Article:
I can now nasal-breath for the first time ...
One hundred and thirty-eight days ago, on July 7th, 2020, our city went into a tight COVID lockdown. We were only allowed out for one hour daily (plus essential trips) and masks were compulsory.
If exercising, masks were optional. Since we propel massive volumes of moist air from our lungs when running past people, I chose to wear a mask. Today restrictions were lifted.
I trail run 5km daily, so that meant I ran 138 days with a mask.
It wasn't what I would call enjoyable, but it did have some benefits. Today, running without a mask for the first time since lock-down, I was able to sustain my pace just breathing through my nose - that's a first.
Weight loss and late-night meals ...
In nutrition (and fitness) it's hard to differentiate between fact, myth and personal bias.
And boost your brain health
The choices you make at the grocery store can have an impact on the inflammation in your body. Scientists are still unravelling how food affects our inflammatory processes, but they know a few things.
In simple terms, sugary high-processed foods help release inflammatory messengers that can raise the risk of chronic inflammation. Other foods like fruits and veggies help your body fight against oxidative stress, which can trigger inflammation.
Add walnuts to your shopping list - they fight inflammation and have other desirable side-effects such as helping us sleep better.
You can lower your blood sugar with the right timing
If you have diabetes, you're always conscious of the need to keep your blood sugar under control.
Controlling your blood sugar can avoid long-term complications, including eye disease, kidney problems, nerve problems, cerebrovascular disease such as strokes, and cardiovascular diseases such as heart attacks heart failure and high blood pressure.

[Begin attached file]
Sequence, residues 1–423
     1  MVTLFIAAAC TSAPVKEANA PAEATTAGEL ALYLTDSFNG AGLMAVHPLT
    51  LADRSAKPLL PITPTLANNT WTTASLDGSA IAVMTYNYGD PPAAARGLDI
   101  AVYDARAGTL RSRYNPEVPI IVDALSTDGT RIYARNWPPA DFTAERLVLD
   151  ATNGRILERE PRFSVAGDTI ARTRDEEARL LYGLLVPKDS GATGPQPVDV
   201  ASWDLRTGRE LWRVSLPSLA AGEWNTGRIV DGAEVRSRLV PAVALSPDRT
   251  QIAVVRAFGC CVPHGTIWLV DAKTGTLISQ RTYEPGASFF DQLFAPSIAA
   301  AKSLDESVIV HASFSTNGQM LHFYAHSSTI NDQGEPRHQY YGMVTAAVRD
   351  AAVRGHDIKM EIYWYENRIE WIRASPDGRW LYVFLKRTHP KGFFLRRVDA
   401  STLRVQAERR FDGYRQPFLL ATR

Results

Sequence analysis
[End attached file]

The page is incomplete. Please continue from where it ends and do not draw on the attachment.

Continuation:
Here's a way to dial up your efforts: Consider the timing of your workouts after meals.
This advice is aimed at Type 2 diabetics and in particular those who are not insulin-dependent.
After one week this is how you'll feel
Most adults don't eat enough fruits and vegetables. In fact, dietary intake of several nutrients found in fruits and vegetables — including potassium and dietary fibre — is low enough to be a public health concern for both adults and children in the US, and in Australia.
"The bottom line is that most Aussies are not eating enough vegetables each day," Alexandra Parker, accredited practising dietitian of The Biting Truth, told HuffPost Australia.
The health consequences can be serious. For example, there is compelling evidence that a diet rich in fruits and vegetables can lower the risk of heart disease and stroke.
A study of over 100,000 mean and women over 14 years found that, compared with those in the lowest category of fruit and vegetable intake (less than 1.5 servings a day), those who averaged 8 or more servings a day were 30% less likely to have had a heart attack or stroke.
Although all fruits and vegetables likely contributed to this benefit, green leafy vegetables, such as lettuce, spinach, Swiss chard, and mustard greens, were most strongly associated with decreased risk of cardiovascular disease.
What's perfect is to fill half your plate with vegetables at all main meals. That may not sound very scientific, but it is a whole lot better than worrying about the details.